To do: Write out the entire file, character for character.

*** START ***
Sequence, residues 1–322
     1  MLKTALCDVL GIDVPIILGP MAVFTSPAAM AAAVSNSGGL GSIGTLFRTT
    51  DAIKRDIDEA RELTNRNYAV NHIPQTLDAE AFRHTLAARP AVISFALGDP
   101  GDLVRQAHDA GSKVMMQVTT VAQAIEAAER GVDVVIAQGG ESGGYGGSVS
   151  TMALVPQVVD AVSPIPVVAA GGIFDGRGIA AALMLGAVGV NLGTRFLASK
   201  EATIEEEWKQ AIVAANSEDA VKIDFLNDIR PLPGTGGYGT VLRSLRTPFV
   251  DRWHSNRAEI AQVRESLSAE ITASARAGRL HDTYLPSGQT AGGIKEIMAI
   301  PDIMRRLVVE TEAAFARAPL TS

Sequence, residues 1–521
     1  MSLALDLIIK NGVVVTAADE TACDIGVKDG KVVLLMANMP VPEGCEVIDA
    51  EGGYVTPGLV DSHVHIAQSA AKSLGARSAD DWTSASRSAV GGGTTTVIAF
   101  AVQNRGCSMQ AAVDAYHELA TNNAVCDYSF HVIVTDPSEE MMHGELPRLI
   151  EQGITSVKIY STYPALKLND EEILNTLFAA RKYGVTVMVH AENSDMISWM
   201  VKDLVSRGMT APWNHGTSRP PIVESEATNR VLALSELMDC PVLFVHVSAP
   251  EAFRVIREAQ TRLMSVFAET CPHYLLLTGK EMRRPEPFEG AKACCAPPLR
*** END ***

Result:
Sequence, residues 1–322
     1  MLKTALCDVL GIDVPIILGP MAVFTSPAAM AAAVSNSGGL GSIGTLFRTT
    51  DAIKRDIDEA RELTNRNYAV NHIPQTLDAE AFRHTLAARP AVISFALGDP
   101  GDLVRQAHDA GSKVMMQVTT VAQAIEAAER GVDVVIAQGG ESGGYGGSVS
   151  TMALVPQVVD AVSPIPVVAA GGIFDGRGIA AALMLGAVGV NLGTRFLASK
   201  EATIEEEWKQ AIVAANSEDA VKIDFLNDIR PLPGTGGYGT VLRSLRTPFV
   251  DRWHSNRAEI AQVRESLSAE ITASARAGRL HDTYLPSGQT AGGIKEIMAI
   301  PDIMRRLVVE TEAAFARAPL TS

Sequence, residues 1–521
     1  MSLALDLIIK NGVVVTAADE TACDIGVKDG KVVLLMANMP VPEGCEVIDA
    51  EGGYVTPGLV DSHVHIAQSA AKSLGARSAD DWTSASRSAV GGGTTTVIAF
   101  AVQNRGCSMQ AAVDAYHELA TNNAVCDYSF HVIVTDPSEE MMHGELPRLI
   151  EQGITSVKIY STYPALKLND EEILNTLFAA RKYGVTVMVH AENSDMISWM
   201  VKDLVSRGMT APWNHGTSRP PIVESEATNR VLALSELMDC PVLFVHVSAP
   251  EAFRVIREAQ TRLMSVFAET CPHYLLLTGK EMRRPEPFEG AKACCAPPLR